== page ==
And so the time has come.

I need to focus 100% on building myself back up, and making my new venture “The Year to Change” work…or finding myself a full-time job whichever it turns out to be.

I no longer have the time or energy it requires to hold space for people on the scale that I have done. To do the campaigning work, to do the overseas trips (which were always unpaid). 

I get over 100 emails a day from PR companies and women from my community…very few of which lead to any kind of income, and that is just not sustainable.

In January 2020 we had 600 paying participants do our beginners programme, and this year we maxed out at 38.

Its sad, its frustrating, but it is also indicative of the current climate, and maybe even an indication that the running world has moved on and that the movement and the programmes I offered are not needed anymore.

Who knows.

What I have learned through this process though, is that there are things that are worth fighting for.

As a campaigner, a crusader for change you will find amazing people on your journey, likeminded individuals who will have your back.

I have seen so much kindness over the years.

The warmest of hugs, the deepest felt emails and messages on social media.

Although it sometimes feels like nobody really gives a shit…I know that is not true.

The blog has touched millions of lives.

I will never forget a lady at mile 22 of the New York City Marathon (who I had never met or even spoken to) standing with a “Go Julie, Go TFTR” sign.

Or the 9-year-old girl from Canada who chose to do a school project on me and body positivity.

Or the man I met at a race up north who asked if he could hug me, thanking me for helping him get his wife back (that sounds weirder than it actually was written out like this lol)

Or the lady I met in a lift in Orlando while there for a conference who was like “OMG IT’S JULIE CREFFIELD” and insisted she got a selfie.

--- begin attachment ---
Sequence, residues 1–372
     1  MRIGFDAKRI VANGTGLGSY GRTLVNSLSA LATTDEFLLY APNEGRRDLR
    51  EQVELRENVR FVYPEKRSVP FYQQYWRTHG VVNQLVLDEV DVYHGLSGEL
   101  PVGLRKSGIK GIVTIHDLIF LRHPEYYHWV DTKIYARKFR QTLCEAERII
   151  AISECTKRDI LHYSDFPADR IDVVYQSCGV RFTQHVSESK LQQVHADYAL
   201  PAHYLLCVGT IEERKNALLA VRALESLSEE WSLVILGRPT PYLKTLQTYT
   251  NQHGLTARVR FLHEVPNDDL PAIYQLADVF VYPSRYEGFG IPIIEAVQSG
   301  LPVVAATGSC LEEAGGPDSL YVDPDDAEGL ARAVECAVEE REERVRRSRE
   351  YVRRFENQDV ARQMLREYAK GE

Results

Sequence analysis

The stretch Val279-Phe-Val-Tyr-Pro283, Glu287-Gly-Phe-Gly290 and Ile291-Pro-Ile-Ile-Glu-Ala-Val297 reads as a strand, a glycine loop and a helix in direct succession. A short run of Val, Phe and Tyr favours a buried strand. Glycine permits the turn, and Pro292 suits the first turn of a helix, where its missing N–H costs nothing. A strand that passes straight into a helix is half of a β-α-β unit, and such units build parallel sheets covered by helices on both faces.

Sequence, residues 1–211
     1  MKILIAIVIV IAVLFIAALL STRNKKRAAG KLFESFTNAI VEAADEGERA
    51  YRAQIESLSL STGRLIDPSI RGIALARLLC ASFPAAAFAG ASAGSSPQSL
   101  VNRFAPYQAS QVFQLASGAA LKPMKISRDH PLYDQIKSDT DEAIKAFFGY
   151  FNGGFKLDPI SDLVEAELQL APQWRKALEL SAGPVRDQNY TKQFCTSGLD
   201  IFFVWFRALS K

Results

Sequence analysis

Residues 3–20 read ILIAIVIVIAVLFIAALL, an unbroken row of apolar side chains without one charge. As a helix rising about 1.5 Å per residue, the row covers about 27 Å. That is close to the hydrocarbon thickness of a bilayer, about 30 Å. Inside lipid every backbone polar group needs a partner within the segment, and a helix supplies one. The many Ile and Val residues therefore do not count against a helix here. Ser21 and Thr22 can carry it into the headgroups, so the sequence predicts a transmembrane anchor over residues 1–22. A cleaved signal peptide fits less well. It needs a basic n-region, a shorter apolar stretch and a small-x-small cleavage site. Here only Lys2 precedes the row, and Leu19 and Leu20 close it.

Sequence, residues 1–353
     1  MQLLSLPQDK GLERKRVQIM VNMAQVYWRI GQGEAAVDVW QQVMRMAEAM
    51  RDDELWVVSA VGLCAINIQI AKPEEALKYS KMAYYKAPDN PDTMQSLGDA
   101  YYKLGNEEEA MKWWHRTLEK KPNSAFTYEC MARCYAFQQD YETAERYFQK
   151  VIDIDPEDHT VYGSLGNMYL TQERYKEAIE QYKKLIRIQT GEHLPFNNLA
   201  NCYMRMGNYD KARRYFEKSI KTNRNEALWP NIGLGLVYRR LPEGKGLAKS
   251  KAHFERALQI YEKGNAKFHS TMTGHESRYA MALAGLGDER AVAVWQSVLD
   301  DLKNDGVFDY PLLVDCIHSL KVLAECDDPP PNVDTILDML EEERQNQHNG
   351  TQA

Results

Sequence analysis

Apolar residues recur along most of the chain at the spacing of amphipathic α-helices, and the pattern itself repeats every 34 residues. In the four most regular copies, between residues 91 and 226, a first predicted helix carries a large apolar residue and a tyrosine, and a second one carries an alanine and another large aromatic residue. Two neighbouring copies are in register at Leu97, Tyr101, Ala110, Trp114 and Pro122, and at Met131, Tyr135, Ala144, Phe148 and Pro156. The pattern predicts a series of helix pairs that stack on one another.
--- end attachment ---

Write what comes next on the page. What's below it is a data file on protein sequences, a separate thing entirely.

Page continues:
So many stories, so many moments, where I am reminded of the good in the world, of the power to positively affect the lives of people with the power of your words, the power of your intention.

The world is a bit blase about blogs these days…and let’s face it AI could probably do a decent enough job writing my posts these days…but for those few years in the early days of this blog, it was truly magical.

And for that, I will always be truly grateful.

Ok so this has turned into a bit of an Oscars speech and my intention was simply to wrap things up with some overarching lessons.

  1. Be kind
  2. If you run, walk, jog or any version of that (AT ANY SPEED) you are a runner
  3. Your body is yours and yours alone…what you do with it, or how it looks is nobody elses business
  4. Be visible, don’t hide…we need to see all bodies being active and living their best life
  5. Be patient with yourself, change isn’t easy
  6. You are loved and you are not broken (even if you feel like you need fixing sometimes)
  7. Move as often as you feel capable of…most problems feel less problemy after a walk
  8. Write out your feelings, it helps even if you never share them
  9. Give people the benefit of doubt…maybe they are just having a bad day
  10. Give more than you take…people will always remember what you have done for them
And so, what’s next???

I am working on a new business concept called The Year to Change, which helps ordinary people to do extraordinary things in their lives, in their businesses and in the workplace. I am currently in the pilot phase, validating ideas, securing the brand etc, and trying to raise enough money to live on.

You can follow what I am up to on Linkedin, via Instagram and via

And I am working on a new book which I hope will come out in January 2024

This blogsite will stay open as an archive, for as long as people find it and read it, and for as long as book sale revenue covers the costs of hosting it.

A few women from my community asked whether they could send me some money to thank me (which felt a bit weird) and so I have reopened my account, which was quite useful during the pandemic when so many of my income streams dried up.

I am having to learn to be open to receiving…and so this is probably the final lesson for me, allow people to say thank you Julie.  

You can buy us a coffee (or maybe something stronger) here

Words will never express how grateful I am for the past 12 years, for each and every person who has ever supported this work, bought a book, or a tshirt or taken part in one of my programmes. For the small number of brands that I worked with, for the PR companies that put me forward for press trips, for event organisors who booked me as a speaker. So many people over the years have helped me build this brand.

It is often said,

We overestimate wha we can do in a year, but we underestimate what we can do in ten

Here’s to the next 10 years…who knows where my feet, my heart, and my words will take me next

Love Always